Buying A Home
Dear Community,

Our tech team has launched updates to The Nest today. As a result of these updates, members of the Nest Community will need to change their password in order to continue participating in the community. In addition, The Nest community member's avatars will be replaced with generic default avatars. If you wish to revert to your original avatar, you will need to re-upload it via The Nest.

If you have questions about this, please email help@theknot.com.

Thank you.

Note: This only affects The Nest's community members and will not affect members on The Bump or The Knot.

Feel like we are getting nowhere!

Hello all! I'm on TK and currently planning a June 2017 wedding! I just graduated nursing school in December and FI and I started looking into buying a home. We figured it would still be a while before we were able to buy one but wanted to get started on the process. After our first talk with a lender we found out we were approved for a home loan! We found a house, made an offer, and signed the contract within a week! We were told we would close no later than March 3rd. Every couple days or the last week or so we have been told we need this that and the other... We honestly couldn't think of anything else they needed until today when we got a list of like 7 things we needed to do! So obviously we are not closing today. We were told it would be Monday, now we are looking at next Wednesday. We just feel like we are getting the run around. Every day it's something new! Are we ever going to close!? We started packing and now I've lost all motivation to pack because I feel like we aren't even going to end up getting to move! Is this a normal process? We've never owned a home, neither of our parents ever owned a home, and we don't have any friends who are homeowners. Any advice?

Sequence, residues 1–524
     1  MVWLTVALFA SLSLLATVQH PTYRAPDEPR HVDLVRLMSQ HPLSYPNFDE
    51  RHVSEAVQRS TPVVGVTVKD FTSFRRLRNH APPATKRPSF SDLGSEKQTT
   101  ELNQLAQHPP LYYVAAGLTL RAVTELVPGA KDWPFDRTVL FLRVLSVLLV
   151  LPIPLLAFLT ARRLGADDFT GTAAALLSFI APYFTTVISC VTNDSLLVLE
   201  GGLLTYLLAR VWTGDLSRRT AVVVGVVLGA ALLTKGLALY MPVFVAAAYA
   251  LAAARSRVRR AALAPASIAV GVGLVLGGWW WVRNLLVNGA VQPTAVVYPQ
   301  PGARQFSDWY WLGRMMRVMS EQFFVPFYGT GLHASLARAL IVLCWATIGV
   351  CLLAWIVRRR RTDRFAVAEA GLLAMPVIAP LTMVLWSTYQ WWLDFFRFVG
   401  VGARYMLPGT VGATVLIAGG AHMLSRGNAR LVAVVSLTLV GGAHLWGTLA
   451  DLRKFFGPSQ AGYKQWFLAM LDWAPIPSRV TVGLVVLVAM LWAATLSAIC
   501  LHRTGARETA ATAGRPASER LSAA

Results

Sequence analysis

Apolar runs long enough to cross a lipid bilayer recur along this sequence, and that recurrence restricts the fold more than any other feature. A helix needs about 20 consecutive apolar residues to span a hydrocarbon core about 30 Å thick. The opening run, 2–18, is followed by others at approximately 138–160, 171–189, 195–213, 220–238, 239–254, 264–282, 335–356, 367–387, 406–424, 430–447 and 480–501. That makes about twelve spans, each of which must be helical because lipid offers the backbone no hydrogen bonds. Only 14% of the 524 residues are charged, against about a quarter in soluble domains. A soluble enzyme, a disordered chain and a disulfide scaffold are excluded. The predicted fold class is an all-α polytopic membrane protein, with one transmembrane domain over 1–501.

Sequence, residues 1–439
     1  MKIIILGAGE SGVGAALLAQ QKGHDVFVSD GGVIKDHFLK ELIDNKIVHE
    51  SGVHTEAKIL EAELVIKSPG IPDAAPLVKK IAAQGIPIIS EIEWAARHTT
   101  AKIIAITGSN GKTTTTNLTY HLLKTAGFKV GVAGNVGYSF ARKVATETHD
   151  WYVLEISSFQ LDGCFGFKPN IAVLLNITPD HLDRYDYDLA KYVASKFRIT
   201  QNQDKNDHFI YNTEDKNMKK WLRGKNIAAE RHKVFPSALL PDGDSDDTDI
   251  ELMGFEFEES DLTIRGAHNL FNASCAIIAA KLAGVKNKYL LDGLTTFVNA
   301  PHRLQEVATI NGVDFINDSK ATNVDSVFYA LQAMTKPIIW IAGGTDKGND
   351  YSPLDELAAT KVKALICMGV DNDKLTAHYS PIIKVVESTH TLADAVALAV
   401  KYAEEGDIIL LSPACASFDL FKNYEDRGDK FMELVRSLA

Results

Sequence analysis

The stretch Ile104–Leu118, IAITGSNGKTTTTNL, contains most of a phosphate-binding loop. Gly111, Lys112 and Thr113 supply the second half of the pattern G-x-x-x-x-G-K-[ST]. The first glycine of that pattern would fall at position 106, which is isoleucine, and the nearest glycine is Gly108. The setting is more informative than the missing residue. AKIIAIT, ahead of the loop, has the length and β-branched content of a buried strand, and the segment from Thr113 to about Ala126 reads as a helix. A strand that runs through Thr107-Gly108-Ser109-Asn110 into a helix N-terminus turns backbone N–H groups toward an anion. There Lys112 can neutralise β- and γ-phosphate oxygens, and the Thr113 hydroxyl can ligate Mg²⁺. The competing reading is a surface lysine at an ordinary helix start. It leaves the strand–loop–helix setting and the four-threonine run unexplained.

Re: Feel like we are getting nowhere!

  • Welcome to the home buying process.  It's a game of hurry up and wait.

    Except for them blowing by the closing date, the rest is all pretty much normal.
    Daisypath Anniversary tickers
  • It actually is pretty normal, unfortunately.  The lending industry is pretty screwed up... the person who issues the initial loan pre-approval isn't the person who is reviewing the loan at the end (the underwriter).  My guess is, whoever did your initial approval didn't ask you all the right questions and collect the right documentation from the beginning, so now the underwriter is asking for more stuff.  Now, this doesn't necessarily mean you're not going to get the loan, it is just them doing a lot of CYA.  I'm "in the business" and I would say only about 10% of the closings we do fall apart at the very last minute because of financing.

    There is also a whole new group of regulations that came out last fall, that are making closings take longer than they used to.

    If you don't mind me asking, what kinds of things are they asking for?  

    I also hope your agent (assuming you have an agent) is making sure your contract is still good by doing amendments/extensions to your contingency dates, and that you won't lose any earnest money deposits if your loan doesn't come through.
  • It actually is pretty normal, unfortunately.  The lending industry is pretty screwed up... the person who issues the initial loan pre-approval isn't the person who is reviewing the loan at the end (the underwriter).  My guess is, whoever did your initial approval didn't ask you all the right questions and collect the right documentation from the beginning, so now the underwriter is asking for more stuff.  Now, this doesn't necessarily mean you're not going to get the loan, it is just them doing a lot of CYA.  I'm "in the business" and I would say only about 10% of the closings we do fall apart at the very last minute because of financing.